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Hubbard County Board reviews debt

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This chart compares Hubbard County's "debt service as a percent age of operating expenditures" and "available operating fund balance as a percentage of revenues" with other Minnesota counties that have an Aa3 rating. The orange line represents the median. The data is based on the Dec. 2017 fiscal year.

PFM Financial Advisors LLC reviewed Hubbard County’s debt obligations with county commissioners at an Aug. 13 work session.

Myron Knutson, Arcelia Detert and Chuck Upcraft from the firm discussed the county’s options.

The county has two general obligation bonds, totaling $6,030,000, paid strictly by the tax levy. One of the bonds was issued in May 2012 to construct the two-story law enforcement center (LEC). It has an interest rate between 2 and 2.25 percent, with $3,380,000 in outstanding principal. It could have been refinanced in Feb. 2019. The original bond size was $5,835,000.

The other bond, dated May 2013, was used for capital improvement projects. Its outstanding principal is $2,650,000 with an interest rate between 2 and 3 percent. It can be be refinanced in Feb. 2021. The initial bond size was $3,580,000.

The nursing home issued a taxable revenue bond in Dec. 2014 to remodel Heritage Living Center, using New Market Tax Credits. Initially for $10,145,000, the outstanding principal is now $9,895,000. The interest rate varies between 1.9 to 4.5 percent. Its call date is Oct. 2024.

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The Hubbard County Housing and Redevelopment Authority (HRA) issued two revenue refunding bonds, one in May 2014 and another in Nov. 2017. The outstanding principal totals $2,640,000, with an interest rate between 2 and 3 percent.

“Those bonds are callable later, in 2022 and 2025, so until then there is no possibility of refinancing or paying them off,” explained Detert.

The county’s bond rating from Moody’s Investors Service, Inc. is currently an “Aa3,” which is a “good rating” and common for most counties in Greater Minnesota, Detert said. The highest rating is an “Aaa,” with 1 being the best investment grade and 3 the lowest.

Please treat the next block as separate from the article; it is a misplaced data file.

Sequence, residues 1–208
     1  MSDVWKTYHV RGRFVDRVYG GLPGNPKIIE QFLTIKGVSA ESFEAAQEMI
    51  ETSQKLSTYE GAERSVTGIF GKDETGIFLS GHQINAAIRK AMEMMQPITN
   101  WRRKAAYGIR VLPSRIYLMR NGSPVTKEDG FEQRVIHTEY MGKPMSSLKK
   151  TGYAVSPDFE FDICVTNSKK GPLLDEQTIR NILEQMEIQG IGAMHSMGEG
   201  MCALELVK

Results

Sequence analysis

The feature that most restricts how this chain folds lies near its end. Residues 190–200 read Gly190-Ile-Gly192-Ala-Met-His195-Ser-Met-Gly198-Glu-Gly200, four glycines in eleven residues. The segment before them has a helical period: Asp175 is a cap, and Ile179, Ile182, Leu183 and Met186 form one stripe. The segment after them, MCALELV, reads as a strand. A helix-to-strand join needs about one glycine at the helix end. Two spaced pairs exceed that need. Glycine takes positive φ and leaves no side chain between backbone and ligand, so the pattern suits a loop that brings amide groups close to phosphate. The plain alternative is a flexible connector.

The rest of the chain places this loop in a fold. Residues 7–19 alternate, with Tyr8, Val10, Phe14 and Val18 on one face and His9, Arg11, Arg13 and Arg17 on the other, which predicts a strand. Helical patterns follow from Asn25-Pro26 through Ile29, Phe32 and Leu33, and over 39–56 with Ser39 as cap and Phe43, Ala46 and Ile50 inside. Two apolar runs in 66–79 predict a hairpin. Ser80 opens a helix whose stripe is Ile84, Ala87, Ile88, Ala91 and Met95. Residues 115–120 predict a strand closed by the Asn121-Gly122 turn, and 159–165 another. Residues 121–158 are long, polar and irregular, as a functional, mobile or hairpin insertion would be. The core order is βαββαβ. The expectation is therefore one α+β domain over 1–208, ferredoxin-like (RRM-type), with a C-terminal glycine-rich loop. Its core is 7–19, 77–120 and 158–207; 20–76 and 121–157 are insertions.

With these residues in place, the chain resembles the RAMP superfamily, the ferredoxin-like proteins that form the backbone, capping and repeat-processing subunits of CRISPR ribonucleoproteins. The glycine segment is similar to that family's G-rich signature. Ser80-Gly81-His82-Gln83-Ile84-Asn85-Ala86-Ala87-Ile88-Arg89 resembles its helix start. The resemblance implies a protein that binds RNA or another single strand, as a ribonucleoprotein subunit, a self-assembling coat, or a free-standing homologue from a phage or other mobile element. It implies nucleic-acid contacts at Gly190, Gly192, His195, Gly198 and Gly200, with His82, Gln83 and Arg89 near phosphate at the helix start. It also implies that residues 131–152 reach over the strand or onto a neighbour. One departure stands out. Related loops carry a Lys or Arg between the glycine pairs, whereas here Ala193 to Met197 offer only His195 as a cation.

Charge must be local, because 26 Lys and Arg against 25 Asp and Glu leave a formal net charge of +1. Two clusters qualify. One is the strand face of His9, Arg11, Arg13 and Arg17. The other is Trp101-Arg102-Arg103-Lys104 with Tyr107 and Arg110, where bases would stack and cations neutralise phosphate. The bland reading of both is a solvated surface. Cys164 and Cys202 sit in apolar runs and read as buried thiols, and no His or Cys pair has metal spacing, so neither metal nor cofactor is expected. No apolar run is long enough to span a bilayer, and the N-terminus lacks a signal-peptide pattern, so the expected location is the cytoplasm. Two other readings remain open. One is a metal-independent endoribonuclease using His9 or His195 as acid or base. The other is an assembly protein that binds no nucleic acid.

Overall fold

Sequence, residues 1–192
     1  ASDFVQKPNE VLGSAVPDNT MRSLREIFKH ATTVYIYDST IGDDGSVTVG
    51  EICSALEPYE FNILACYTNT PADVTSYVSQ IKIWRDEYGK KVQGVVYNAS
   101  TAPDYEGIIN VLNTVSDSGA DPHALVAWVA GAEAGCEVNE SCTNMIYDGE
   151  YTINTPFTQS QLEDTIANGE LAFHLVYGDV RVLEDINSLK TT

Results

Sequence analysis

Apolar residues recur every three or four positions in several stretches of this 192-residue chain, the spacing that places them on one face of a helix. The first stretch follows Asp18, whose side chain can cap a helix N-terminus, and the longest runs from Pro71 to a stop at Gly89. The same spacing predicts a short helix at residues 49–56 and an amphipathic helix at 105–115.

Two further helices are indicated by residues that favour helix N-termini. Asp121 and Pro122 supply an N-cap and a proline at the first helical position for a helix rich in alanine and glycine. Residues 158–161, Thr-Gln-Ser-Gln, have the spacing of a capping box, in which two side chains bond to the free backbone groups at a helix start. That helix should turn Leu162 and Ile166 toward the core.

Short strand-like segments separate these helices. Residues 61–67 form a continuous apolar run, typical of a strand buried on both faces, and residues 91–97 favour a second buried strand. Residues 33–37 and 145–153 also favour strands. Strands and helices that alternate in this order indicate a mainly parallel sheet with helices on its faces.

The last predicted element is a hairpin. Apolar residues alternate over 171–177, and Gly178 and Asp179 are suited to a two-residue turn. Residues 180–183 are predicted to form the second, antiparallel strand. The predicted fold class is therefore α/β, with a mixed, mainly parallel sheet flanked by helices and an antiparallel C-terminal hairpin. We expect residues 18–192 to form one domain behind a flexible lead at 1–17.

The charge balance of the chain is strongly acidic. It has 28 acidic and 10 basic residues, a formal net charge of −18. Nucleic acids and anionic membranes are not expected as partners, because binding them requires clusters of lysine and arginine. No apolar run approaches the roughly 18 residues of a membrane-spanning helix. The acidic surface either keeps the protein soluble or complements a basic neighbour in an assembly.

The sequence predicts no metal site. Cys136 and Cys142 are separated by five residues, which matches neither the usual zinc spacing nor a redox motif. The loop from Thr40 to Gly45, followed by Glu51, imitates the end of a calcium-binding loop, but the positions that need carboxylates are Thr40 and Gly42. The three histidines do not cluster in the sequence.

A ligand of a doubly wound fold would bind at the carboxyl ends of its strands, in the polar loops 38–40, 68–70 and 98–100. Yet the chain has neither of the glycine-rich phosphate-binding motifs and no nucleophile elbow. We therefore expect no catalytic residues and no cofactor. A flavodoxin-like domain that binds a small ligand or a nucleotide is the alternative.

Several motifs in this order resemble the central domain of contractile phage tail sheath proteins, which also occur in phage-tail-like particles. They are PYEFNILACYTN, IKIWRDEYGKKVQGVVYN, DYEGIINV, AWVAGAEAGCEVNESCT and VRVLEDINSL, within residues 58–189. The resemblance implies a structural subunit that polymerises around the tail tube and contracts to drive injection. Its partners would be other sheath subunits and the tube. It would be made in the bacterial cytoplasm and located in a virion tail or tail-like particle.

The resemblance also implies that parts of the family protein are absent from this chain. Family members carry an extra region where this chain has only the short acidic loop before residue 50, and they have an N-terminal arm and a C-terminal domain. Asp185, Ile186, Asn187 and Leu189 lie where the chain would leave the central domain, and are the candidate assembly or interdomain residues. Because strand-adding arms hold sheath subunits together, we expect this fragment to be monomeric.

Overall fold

Detert explained that Hubbard County received the Aa3 “negative outlook” rating due to a weakened “available fund balances as a percentage of operating revenues” and weakened “net cash balance of percentage of operating revenues.”

County commissioner Char Christenson said she would like to see Hubbard County operate on cash only, like Cass County.

Knutson pointed out that Cass County has high-valued lake property and a low population, “so they’ve always, over the years, tended to fund everything with cash because they have a tax base relative to population.”

Knutson bond rates are still low. A refinancing of the 2012 LEC bond could result in $27,799 in savings. “If you were to refund that issue today, despite the fact that rates were really low when you issued the bonds, they are even lower now,” he said, adding the projected savings is not substantial, “so it’s not likely something you’d do on its own, but if you were to issue bonds for some other purpose you might do this in conjunction with that.”

The county could issue bonds, for example, for any courthouse remodeling or replacing the roof on the historic courthouse.

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The nursing home bonds may be refinanced earlier than its call date. The seven-year tax credits will expire at the end of 2021, after which the bonds could be refunded with tax-exempt bonds. Tax-exempt bond rates are “considerably higher,” Knutson noted, but the county could potentially save $740,686, assuming the rates are the same in 2021 as they are today.

“If the board decided it would be in the best interest of the residents to sell the nursing home, based on this, to avoid any penalties we’d have to wait until Feb. 2022?” Christenson asked if they should wait until 2021.

By Minnesota law, Knutson said any proceeds from the sale of the facility would first have to pay off the nursing home bond. “The trigger is the expiration of the New Market Tax Credits,” in late 2021 or early 2022, he said.

Preliminary county budget

If there are no increases in salaries, County Auditor/Treasurer Kay Rave said, the board is currently looking at a 2.5 percent levy increase, based on 2020 budget proposals.

“A $15,750,000 levy is what you might be looking at,” she told commissioners.

Elections in 2020 will cost the county about $290,000. “Part of that is equipment, but most of that is what it’ll cost to have three elections mandated by the government,” Rave said.

Christenson is anticipating attorney fees that will need to come out of the general fund’s reserves, then be replenished. She said it’s her goal to build up the county’s reserves.

Last year, the board had to cut the budget in order to reduce the levy increase from 8.9 percent to 4.9 percent.

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“That’s a daunting task,” Rave said. “I’m excited for the budget decisions that you have. If there’s something you want to do to make sure reserves are adequate, there’s room to work.”

082119.N.PRE.ComparablePopulationNetDebt.jpg
This chart compares Hubbard County's population and "direct net debt per capita" with other Minnesota counties that have an Aa3 rating. The orange line represents the median. The data is based on the Dec. 2017 fiscal year.

Related Topics: GOVERNMENT AND POLITICS
Shannon Geisen is editor of the Park Rapids Enterprise.
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